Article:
5 SPARK Studies That Highlight the Importance of Physical Education


A child sits against the wall as he is bullied at school

The natural reaction to bullying is to avoid the environment in which it takes place. Unfortunately, when bullying occurs during physical education (PE) classes, children can begin to shy away from the activities that are crucial to their physical and mental health.

Scientific studies have shown that bullying in PE lessons may not only discourage students from class participation, but can go on to affect their greater well-being. Here, we’ll look at the research in more detail, and explain why it’s so important for you to prevent in-class bullying as a physical educator.

What Are the Effects of Bullying in PE?

Research conducted by Brigham Young University (BYU) shows that bullying during sports and PE classes can make children withdraw from physical activity entirely. This means that students start avoiding exercise at school as well as in their personal lives. While previous research has suggested that bullying might only reduce physical activity in overweight individuals, it now seems the same problem can happen to children of a healthy weight.

And the effects of bullying in PE classes spill into other parts of the schooling experience, too. One study published in the Journal of Pediatric Psychology reported that victims of bullying suffer from social and emotional issues, not to mention a poorer academic performance for up to a year following the incident.

With such long-lasting and all-embracing results, bullying in PE needs to stop. But how can you prevent bullying in your classes? The key is to nip it in the bud.

How Does Bullying in PE Lessons Begin?

According to Chad Jensen, one of the scientists behind the BYU study, the goal of their research was to encourage educators to implement more bullying-prevention solutions in their PE classes. But to ensure a zero-tolerance approach to bullying, you need to be able to spot the first signs.

Bullying in PE lessons can take the form of:

  • name-calling during a sport or activity
  • laughing at a student as they participate
  • not choosing a student for a team, or taking issue with a student being placed on the same team

While negative peer interactions in PE can become an issue for any student, those at a more impressionable age are more likely to retreat from physical activity if they suffer this kind of abuse. Bullying can have a long-term impact on a child’s self-esteem, their sense of ability, and their belief that they can contribute to a team. This is why you should keep an even closer eye on younger PE students, so you can stop this destructive process before it takes over their entire school life and experience of sports.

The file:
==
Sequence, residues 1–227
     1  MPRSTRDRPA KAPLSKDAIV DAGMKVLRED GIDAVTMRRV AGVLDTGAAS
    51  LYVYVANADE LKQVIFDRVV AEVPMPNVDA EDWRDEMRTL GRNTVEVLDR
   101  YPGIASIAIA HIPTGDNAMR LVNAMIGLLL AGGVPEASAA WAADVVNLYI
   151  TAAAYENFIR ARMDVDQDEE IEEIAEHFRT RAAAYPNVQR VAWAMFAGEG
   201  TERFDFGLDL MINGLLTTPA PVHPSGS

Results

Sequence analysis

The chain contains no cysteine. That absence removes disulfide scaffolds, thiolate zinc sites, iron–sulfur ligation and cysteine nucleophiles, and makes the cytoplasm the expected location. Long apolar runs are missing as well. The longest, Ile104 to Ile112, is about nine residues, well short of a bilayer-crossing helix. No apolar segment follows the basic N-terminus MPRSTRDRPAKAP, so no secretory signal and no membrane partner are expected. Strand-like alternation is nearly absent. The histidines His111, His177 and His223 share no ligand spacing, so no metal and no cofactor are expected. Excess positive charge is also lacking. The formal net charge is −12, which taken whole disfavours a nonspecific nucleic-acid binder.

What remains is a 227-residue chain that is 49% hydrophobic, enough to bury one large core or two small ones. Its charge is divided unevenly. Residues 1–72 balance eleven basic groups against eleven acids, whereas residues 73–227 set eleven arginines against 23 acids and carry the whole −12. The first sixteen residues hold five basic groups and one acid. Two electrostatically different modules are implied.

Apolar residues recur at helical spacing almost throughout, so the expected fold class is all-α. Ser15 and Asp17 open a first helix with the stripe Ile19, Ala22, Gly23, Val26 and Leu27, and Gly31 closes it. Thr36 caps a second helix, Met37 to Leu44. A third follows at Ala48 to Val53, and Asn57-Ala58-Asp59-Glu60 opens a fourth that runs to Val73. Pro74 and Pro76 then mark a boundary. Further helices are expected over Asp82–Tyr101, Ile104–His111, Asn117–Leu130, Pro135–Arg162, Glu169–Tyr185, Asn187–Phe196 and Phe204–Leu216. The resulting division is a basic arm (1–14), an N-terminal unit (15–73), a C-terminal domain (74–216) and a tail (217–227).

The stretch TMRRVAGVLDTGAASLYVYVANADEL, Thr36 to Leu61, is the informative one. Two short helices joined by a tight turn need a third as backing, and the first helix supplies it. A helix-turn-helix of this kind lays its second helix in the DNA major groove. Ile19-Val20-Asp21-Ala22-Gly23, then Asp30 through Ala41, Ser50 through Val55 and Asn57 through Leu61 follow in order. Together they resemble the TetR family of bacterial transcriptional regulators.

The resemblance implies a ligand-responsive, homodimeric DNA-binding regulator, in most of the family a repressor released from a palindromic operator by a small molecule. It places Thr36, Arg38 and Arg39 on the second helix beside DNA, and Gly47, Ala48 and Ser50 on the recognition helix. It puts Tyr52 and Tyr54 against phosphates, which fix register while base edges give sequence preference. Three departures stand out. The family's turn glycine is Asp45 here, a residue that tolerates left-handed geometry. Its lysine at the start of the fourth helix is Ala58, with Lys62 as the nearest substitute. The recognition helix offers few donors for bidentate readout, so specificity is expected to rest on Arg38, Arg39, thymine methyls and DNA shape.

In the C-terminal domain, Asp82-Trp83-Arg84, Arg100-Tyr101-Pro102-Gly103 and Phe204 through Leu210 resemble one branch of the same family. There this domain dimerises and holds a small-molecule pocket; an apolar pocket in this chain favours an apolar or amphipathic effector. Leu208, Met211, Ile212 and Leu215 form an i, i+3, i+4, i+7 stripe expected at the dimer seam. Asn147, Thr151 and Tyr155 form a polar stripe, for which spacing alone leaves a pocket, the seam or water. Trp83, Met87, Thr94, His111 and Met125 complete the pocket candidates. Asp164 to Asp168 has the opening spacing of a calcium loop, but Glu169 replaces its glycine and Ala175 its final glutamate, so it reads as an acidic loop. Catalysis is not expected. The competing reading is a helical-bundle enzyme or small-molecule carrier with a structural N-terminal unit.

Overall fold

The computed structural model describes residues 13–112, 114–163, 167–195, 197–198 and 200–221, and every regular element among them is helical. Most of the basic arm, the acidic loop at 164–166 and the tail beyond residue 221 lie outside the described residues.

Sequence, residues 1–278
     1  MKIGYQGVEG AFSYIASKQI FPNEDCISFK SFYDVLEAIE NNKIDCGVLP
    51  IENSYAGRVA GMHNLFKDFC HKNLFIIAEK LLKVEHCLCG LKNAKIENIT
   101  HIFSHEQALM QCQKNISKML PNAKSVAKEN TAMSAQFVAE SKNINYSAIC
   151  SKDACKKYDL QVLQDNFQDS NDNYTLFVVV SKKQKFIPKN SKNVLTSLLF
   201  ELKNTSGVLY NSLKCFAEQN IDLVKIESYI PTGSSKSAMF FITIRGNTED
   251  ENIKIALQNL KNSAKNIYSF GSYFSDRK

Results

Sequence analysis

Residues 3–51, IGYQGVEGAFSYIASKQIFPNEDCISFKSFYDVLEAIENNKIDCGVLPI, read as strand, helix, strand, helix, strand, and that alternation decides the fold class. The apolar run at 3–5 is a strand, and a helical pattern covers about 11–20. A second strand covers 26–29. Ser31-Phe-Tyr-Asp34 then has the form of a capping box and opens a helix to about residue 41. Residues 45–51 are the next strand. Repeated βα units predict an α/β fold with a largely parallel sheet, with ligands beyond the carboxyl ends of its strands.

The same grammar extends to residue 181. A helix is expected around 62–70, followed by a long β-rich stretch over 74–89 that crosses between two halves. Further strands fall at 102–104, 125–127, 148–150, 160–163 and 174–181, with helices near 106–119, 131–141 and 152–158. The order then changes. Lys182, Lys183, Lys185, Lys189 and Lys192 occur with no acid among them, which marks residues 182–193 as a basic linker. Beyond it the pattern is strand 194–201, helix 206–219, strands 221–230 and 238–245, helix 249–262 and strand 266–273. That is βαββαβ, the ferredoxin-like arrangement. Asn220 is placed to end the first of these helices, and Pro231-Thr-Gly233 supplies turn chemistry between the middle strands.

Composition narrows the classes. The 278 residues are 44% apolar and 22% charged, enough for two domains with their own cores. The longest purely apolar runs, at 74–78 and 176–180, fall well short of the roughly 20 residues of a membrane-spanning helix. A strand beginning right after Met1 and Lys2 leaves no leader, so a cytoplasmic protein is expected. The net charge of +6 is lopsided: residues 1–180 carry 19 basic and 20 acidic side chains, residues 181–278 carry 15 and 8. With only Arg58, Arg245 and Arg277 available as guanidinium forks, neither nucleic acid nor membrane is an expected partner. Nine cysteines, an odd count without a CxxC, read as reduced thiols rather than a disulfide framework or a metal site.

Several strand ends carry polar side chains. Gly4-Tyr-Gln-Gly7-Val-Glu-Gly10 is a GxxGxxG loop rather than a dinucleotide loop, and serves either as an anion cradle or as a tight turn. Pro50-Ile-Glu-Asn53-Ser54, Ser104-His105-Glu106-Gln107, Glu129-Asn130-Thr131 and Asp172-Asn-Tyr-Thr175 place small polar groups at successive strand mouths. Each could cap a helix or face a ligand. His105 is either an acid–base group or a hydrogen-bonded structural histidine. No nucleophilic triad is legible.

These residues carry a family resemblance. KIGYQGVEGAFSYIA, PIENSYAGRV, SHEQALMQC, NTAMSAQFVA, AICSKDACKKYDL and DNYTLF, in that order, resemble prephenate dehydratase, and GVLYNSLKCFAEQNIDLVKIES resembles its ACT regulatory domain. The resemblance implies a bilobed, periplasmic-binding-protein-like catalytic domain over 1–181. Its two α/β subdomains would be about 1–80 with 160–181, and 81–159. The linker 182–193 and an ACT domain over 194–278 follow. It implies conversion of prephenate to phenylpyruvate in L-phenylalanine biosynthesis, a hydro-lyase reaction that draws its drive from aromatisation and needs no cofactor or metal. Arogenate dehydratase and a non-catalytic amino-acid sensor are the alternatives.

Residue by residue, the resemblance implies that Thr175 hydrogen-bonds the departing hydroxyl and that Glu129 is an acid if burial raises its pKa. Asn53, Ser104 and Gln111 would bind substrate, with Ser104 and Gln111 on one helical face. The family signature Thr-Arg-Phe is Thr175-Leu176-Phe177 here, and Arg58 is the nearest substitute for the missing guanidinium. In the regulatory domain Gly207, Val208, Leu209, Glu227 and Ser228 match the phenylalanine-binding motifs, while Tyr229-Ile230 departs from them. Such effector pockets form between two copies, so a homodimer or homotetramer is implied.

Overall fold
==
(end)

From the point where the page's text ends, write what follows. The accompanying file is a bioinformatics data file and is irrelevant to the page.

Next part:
Preventing Bullying in PE Lessons

PE forms an invaluable part of the school curriculum; it’s essential that students can show up and get a better understanding of how to live their healthiest lives. This subject not only gives children an opportunity for physical activity, but also teaches healthful habits that they can carry with them for the rest of their lives.

You can help your students feel safe in your PE classes by creating a supportive and welcoming environment. While you should always stop the slightest signs of bullying in their tracks, developing a strong foundation for friendship and positivity can stamp out any animosity in the first place.

Emphasize the importance of teamwork in all of your PE activities, and always be sure to assign the teams yourself. If you want to inject some competition into your lessons, have the students compete against themselves and their own personal bests instead of making rivalry a necessity. Avoid games like dodgeball, which gives children a chance to bully others in the name of sports, and has been shown to still affect people decades later. In short, cultivate a collaborative atmosphere where students work together and build one another up.

PE is vital to children’s development and must be something that every student feels comfortable taking part in. For more ideas on how to create positive and effective PE lessons, check out SPARK’s free lesson plans and activity cards today.

Tags: ,